Dar es Salaam. President Samia Suluhu Hassan on Tuesday said that human activities are to blame for the drying up of the Ruvu River, Dar es Salaam’s main source of water, leading to water rationing that currently affects the city’s 5.3 million residents.
Officiating a two-day national convention on clean cooking energy in the city, the Head of State pointed an accusing finger at deforestation in the Pwani region where the river is located as well as irresponsible construction of infrastructure to supply water to “foreign-owned” individuals, calling them the culprits of the ongoing situation.
“These people have put in place barriers that prevent water from flowing freely,” Samia complained. “You find that heavy-duty machines have been placed to pump water to the farms, foreign-owned farms, not farms of people living in the area.”
“Others have built ponds, which they use for aquaculture,” she added.
Samia directed the regional commissioners of Dar es Salaam and Pwani as well as the Dar es Salaam Water and Sanitation Authority (DAWASA) to carry out a joint operation to get rid of these barriers, assured that that would keep the water flowing to Dar es Salaam.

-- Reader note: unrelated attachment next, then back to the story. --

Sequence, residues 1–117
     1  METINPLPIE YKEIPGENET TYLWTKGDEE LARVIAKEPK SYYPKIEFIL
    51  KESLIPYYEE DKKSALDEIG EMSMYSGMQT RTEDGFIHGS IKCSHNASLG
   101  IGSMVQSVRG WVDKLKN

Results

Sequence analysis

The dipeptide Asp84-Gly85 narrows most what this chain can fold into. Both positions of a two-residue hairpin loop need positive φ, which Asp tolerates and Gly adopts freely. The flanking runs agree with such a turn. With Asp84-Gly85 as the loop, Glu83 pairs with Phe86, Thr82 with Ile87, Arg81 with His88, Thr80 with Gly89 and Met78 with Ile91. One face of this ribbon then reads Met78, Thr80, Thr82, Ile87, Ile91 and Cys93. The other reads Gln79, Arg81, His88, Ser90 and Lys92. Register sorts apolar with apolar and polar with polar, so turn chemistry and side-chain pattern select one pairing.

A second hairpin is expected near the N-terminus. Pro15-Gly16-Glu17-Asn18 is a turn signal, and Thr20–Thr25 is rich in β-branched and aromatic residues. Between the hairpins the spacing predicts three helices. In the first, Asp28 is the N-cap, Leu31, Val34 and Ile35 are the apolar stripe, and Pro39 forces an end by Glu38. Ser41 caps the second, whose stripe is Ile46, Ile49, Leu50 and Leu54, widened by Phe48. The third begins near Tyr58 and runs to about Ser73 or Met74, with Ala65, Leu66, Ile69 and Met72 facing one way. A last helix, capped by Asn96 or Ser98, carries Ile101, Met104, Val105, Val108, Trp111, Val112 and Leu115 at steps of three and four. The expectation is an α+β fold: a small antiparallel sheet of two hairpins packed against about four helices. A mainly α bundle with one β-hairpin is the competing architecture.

Dar es Salaam, Tanzania’s commercial capital, is on its fifth day of water rationing since DAWASA announced it on October 27, 2022, citing a drop in water levels at Ruvu River, a situation the authority associated with drought.
READ MORE: DAWASA Starts Rationing Water Due to Drought
This is the second water rationing to be announced in less than a year as Tanzania is battling little rainfall, with meteorologists warning that the prolonged dry spell will continue.
On November 8, 2021, DAWASA announced the decision of water-rationing, saying they reached the decision as a result of climate change effects reducing water content from their source.
On top of the directive that all barriers preventing water from flowing freely are removed, President Samia also reiterated her calls to Dar’s authorities to make sure the city is connected with Kigamboni as part of the strategies to resolve the former’s water woes.
“The money for the exercise has already been released,” Samia noted. “[If the connection is done], a total of 70 million litres of water will be supplied to the city, something which will significantly reduce the ongoing problems associated with water shortages.”
Samia also criticised “archaic” water-supply infrastructure in Dar es Salaam, saying that they were not meant to serve the current number of people living in the city.
“It is therefore very important for relevant authorities to examine these infrastructures,” President Samia ordered. “Based on studies published, Dar es Salaam can be 100 per cent water sufficient by 2023. This needs to be looked at.”
She also criticised improper building in Dar es Salaam for contributing to the city’s inability to be water-sufficient.
“It is very difficult for any water system that will be designed to work properly here [in Dar es Salaam],” the Head of State complained. “So, all relevant authorities should work on these issues under the supervision of Prime Minister [Kassim Majaliwa].”
Lukelo Francis is The Chanzo journalist based in Dar es Salaam Tanzania. He can be reached at firstname.lastname@example.org.